How “Surround Audience” at The New Museum Blew My Mind Twice

Oh hey. I’m going to write a blog post about the most recent mind-blowing cultural shit I’ve seen in New York because it makes me feel like I’m getting more value for my rent.

Frank Benson, "Juliana"

Frank Benson, “Juliana”

My first impression of the New Museum back in 2007 was of dismissal; it felt too conceptual, postmodern and obnoxious. The art was not accessible; it made me feel dumb for not “getting it” – for not having any emotional response to “artwork” made of children’s toys and colored planks of wood with pieces of garbage tied to a string.

Last year I gave it another shot for Chris Ofili’s “Night and Day” exhibit. Massive, colorful, collage-like paintings and intricate, obsessive pencil drawings showcased an impressive range of materials. Infamous for his elephant dung paintings, Ofili is more than shock value and envelope-pushing. He is inspired by the human experience and his contemplation of socio-economic inequality. The New Museum redeemed itself for me with that exhibit. It was edgy, modern and relevant – but was also authentic, relatable and accessible. I appreciated it.

Then I heard about this year’s Triennial. I assumed it would include more of the earlier kind of art: conceptual, postmodern…and obnoxious. I then discovered this video online by artist and comedian Casey Jane Ellison. I highly recommend watching it and her entire series, “Touching The Art”.

I had to see for myself what was going on here. I ultimately visited the exhibit twice because I couldn’t absorb it all in just one visit. I felt more inspired and connected to not only the artwork but the concepts and motivation behind the artwork, that I only made it to two out of the four floors of artwork on my first visit. The work, collected from 51 artists from 25 countries around the world, explored how digital technology is connecting and separating us as a society more than ever.

Surround Audience intro 

My Favorite Pieces

Each floor of the exhibit was introduced with a warped, enigmatic poem. A choppy yet effortless stream-of-meta-consciousness meditation. It expresses the way we communicate today, with common anxieties, typos, symbols and misspellings marked by our text-based culture. 

Ryan Trecartin, "Time Pend"

Ryan Trecartin, “Time Pend”

 These poems saved me. They made me think “OMG someone else gets how ridiculous everything is.” I smiled while reading each one.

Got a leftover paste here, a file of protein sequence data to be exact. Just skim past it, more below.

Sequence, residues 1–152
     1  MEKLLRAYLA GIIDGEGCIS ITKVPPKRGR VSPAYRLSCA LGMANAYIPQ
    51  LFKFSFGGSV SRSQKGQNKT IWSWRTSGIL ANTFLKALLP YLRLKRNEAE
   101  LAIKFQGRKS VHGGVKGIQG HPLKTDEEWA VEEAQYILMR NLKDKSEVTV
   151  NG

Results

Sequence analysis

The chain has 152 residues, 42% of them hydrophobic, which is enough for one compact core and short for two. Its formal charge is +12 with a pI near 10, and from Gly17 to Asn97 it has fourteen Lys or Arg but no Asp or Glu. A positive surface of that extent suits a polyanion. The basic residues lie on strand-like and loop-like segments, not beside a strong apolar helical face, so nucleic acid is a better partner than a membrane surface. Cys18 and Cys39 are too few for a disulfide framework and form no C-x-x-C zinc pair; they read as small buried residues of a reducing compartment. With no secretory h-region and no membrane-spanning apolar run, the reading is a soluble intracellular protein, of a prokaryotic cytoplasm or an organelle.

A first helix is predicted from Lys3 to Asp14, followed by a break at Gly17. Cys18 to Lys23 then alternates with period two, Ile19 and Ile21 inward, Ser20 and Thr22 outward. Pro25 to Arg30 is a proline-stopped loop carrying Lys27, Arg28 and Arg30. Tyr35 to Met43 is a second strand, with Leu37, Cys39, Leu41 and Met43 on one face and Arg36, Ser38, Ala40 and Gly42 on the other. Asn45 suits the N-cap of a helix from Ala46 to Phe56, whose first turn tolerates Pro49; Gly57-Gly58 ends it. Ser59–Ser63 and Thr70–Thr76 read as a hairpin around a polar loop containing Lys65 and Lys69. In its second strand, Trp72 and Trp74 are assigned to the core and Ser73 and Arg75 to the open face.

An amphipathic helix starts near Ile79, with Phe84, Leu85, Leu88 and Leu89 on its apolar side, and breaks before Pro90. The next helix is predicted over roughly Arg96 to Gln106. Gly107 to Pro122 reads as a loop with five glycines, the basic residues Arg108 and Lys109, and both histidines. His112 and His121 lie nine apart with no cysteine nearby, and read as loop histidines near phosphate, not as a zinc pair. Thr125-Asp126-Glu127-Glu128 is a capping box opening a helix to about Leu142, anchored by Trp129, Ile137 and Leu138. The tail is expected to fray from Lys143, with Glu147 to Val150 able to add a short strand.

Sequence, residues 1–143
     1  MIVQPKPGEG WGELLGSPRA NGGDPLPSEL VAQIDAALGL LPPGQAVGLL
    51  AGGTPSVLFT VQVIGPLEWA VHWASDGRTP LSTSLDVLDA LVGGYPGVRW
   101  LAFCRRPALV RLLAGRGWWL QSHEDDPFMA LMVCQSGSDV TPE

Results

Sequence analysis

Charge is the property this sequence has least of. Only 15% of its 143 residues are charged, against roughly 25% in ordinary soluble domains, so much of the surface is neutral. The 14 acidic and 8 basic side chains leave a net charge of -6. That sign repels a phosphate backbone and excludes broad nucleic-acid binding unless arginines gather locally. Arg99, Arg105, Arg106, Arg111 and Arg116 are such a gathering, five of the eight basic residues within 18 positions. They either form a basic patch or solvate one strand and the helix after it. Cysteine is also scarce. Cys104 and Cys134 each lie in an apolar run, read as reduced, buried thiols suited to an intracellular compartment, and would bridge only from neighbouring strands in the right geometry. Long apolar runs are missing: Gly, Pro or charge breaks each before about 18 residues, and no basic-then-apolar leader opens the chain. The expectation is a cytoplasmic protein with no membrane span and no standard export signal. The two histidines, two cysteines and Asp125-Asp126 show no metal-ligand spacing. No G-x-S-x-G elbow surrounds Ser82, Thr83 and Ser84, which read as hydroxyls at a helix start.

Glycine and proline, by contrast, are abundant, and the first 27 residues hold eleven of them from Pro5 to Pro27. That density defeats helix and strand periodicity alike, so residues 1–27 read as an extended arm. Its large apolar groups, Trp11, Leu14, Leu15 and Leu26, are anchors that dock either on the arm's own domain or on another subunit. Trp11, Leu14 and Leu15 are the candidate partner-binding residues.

Indian artist Shreyas Kahle’s work left the biggest impression on me after my first visit. He explores “the distorting effect of the male gaze” as seen in the marble sculpture below: are they mountains or boobs? I love his cerebral sketches and “pseudoscientific” symbolic drawings; they evoked a Magritte-esque surrealism in a more raw expression. (“Surround Audience”, New Museum Triennial, Feb-May 2015, p. 188)

Shreyas Kahle, "Kashmir Or The Alps, It Doesn't Matter"

Shreyas Karle, “Kashmir Or The Alps, It Doesn’t Matter”

The shameless honesty and self expression of artist and comedian Casey Jane Ellison made me laugh out loud while watching a video installation of her avatar performing a standup routine. (Her YouTube interview series, which got me to see this exhibit, was playing on a flat screen TV in the museum lobby.)

Casey Jane Ellison, "It's So Important To Seem Wonderful"

Casey Jane Ellison, “It’s So Important To Seem Wonderful”

These dreamy, haunting paintings by Chinese artist Firenze Lai left me breathless. These figures with warped proportions, to express the way our relationships with others (and ourselves) are often similarly warped with modern technology. We’re always available, we’re always able to connect with everyone everywhere…yet we don’t fully feel “connected” at the same time. I think this is a universal symptom of modern life and I loved every minute I felt like there are others who feel this way – and can creatively express the ennui of the digital age.

Firenze Lai, "Tennis Court"

Firenze Lai, “Tennis Court”

Firenze Lai, "Argument"

Firenze Lai, “Argument”

Firenze Lai, "Alignment"

Firenze Lai, “Alignment”

 

The perfect mix of truth, beauty and intellect.

Art that explores how disconnected we are as society has the effect of subverting that very feeling; it makes you feel connected to the brave artists who felt compelled to visually express their own dissatisfaction with the state of things. It’s all very cerebral and conceptual, but not overly so, with just the right balance of meta-consciousness and visual aesthetic.

“Surround Audience” ends today…but good news! I bought the coffee table book of the exhibition so if we’re friends IRL I’ll let you look through it if you wash your hands and tell me how cool my apartment is both before and after looking through my cultural coffee table book of cool-ass, mind-blowing artwork.

“Beauty Is Power”: How One Woman’s Entrepreneurial Taste Redefined ‘Beauty’

helena rubinstein "beauty is power"

A strange sense of familiarity welcomed me while I stood on line for the coat check. I felt obligated to internally review the reasons that fueled my visit.

I had gone to the Jewish Museum to see the exhibit “Beauty is Power”, a look at the legacy left by Helena Rubenstein (1872-1965) on the beauty industry.

I was also there to check out the aesthetic of the museum itself, which underwent a rebranding this year by the design firm Sagmeister & Walsh.

Yet waiting on the line for the coat check, I realized another layer of significance embedded in the place itself. The lobby evokes a modern, minimalist synagogue, with a list of donor names carved into the white walls. The gift shop sells Judaica, with a modernist edge. It’s a very secular space, with delicate hints of tradition, like a mosaic made of mostly white with a few specks of rich, bright colors.

This is a very special space.

A Dramatic Entrance

The cherry on top was the free iPhone app, a custom-designed exhibit audio guide. A blended experience of art, culture and technology? Let’s do this.

Rubinstein-Mosaic